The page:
1p36 Deletion Syndrome

  • Medical Author:
    Charles Patrick Davis, MD, PhD

    Dr. Charles "Pat" Davis, MD, PhD, is a board certified Emergency Medicine doctor who currently practices as a consultant and staff member for hospitals. He has a PhD in Microbiology (UT at Austin), and the MD (Univ. Texas Medical Branch, Galveston). He is a Clinical Professor (retired) in the Division of Emergency Medicine, UT Health Science Center at San Antonio, and has been the Chief of Emergency Medicine at UT Medical Branch and at UTHSCSA with over 250 publications.

  • Medical Editor: William C. Shiel Jr., MD, FACP, FACR
    William C. Shiel Jr., MD, FACP, FACR

    William C. Shiel Jr., MD, FACP, FACR

    Dr. Shiel received a Bachelor of Science degree with honors from the University of Notre Dame. There he was involved in research in radiation biology and received the Huisking Scholarship. After graduating from St. Louis University School of Medicine, he completed his Internal Medicine residency and Rheumatology fellowship at the University of California, Irvine. He is board-certified in Internal Medicine and Rheumatology.

What is the treatment for 1p36 deletion syndrome?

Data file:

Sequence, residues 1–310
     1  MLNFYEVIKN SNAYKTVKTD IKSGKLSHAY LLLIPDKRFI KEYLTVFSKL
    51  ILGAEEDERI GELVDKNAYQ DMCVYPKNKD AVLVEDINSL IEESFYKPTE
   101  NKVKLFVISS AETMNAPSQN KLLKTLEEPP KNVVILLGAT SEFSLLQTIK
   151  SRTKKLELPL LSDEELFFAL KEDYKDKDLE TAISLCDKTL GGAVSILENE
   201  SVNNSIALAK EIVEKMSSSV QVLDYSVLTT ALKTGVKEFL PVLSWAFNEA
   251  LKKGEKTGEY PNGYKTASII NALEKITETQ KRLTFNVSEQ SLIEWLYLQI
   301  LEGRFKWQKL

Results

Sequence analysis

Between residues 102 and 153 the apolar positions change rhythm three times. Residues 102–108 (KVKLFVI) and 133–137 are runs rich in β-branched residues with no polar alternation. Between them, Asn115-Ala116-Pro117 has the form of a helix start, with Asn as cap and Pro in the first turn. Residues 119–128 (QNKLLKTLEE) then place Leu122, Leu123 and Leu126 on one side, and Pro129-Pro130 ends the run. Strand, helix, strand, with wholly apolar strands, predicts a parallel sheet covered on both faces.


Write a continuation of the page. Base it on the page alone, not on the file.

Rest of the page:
Treatment is limited; symptomatic treatment is the usual treatment available. The heart, eye, muscle tone, and swallowing problems may be reduced by specialists in those fields. The earlier the diagnosis and treatment, the more likely these problems will become manageable or minimized. Some clinicians report good results with behavior modification training. Some affected individuals do well and can participate in many social events, but not all individuals are successful.

Compassion, patience and understanding of the extent of an individual's capabilities can allow an individual to have a loving and rewarding relationship with family and friends. Some affected individuals may be able to learn to communicate with body and sign language; this ability may take considerable effort and training on both the affected person and caregiver's part to develop.

What is the prognosis and life expectancy for 1p36 deletion syndrome?

Part of the prognosis for individuals with 1p36 deletion syndrome really depends on how much of DNA is missing from the p36 region. Some researchers now list p36 as p36.1 to p36.3, with p36.3 as the most amount of DNA missing and having the worst prognosis (poor, with severe symptoms). However, even these individuals may have some responses to the treatment listed above. Consequently, some individuals may have a relative good prognosis (a loving relationship with understanding and patient caregivers and family members) to a poor prognosis and early death from significant physical problems. While 1p36 deletion syndrome is so new that data on projected lifespan is lacking, there are reports in the medical literature that some patients reach adulthood. How many of those that have the syndrome now and live on will help determine the life expectancy for future patients with 1p36 deficiency syndrome.

Medically Reviewed by a Doctor on 9/23/2015
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